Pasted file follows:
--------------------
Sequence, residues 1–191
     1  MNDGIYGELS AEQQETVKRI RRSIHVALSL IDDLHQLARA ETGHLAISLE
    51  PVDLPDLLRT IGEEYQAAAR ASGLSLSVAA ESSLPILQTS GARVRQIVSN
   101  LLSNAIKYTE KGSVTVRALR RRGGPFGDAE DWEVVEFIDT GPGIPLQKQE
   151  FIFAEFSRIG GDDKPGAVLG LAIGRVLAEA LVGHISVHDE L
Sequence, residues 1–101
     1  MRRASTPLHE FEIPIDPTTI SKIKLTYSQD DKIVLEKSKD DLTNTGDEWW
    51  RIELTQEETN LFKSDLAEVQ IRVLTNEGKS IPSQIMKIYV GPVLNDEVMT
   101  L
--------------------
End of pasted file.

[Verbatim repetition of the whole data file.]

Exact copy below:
Sequence, residues 1–191
     1  MNDGIYGELS AEQQETVKRI RRSIHVALSL IDDLHQLARA ETGHLAISLE
    51  PVDLPDLLRT IGEEYQAAAR ASGLSLSVAA ESSLPILQTS GARVRQIVSN
   101  LLSNAIKYTE KGSVTVRALR RRGGPFGDAE DWEVVEFIDT GPGIPLQKQE
   151  FIFAEFSRIG GDDKPGAVLG LAIGRVLAEA LVGHISVHDE L
Sequence, residues 1–101
     1  MRRASTPLHE FEIPIDPTTI SKIKLTYSQD DKIVLEKSKD DLTNTGDEWW
    51  RIELTQEETN LFKSDLAEVQ IRVLTNEGKS IPSQIMKIYV GPVLNDEVMT
   101  L